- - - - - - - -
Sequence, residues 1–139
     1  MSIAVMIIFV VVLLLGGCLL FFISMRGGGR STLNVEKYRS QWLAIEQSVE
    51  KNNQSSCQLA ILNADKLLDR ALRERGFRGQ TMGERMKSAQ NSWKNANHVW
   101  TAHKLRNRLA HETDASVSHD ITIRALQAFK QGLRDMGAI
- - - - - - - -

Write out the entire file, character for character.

Sequence, residues 1–139
     1  MSIAVMIIFV VVLLLGGCLL FFISMRGGGR STLNVEKYRS QWLAIEQSVE
    51  KNNQSSCQLA ILNADKLLDR ALRERGFRGQ TMGERMKSAQ NSWKNANHVW
   101  TAHKLRNRLA HETDASVSHD ITIRALQAFK QGLRDMGAI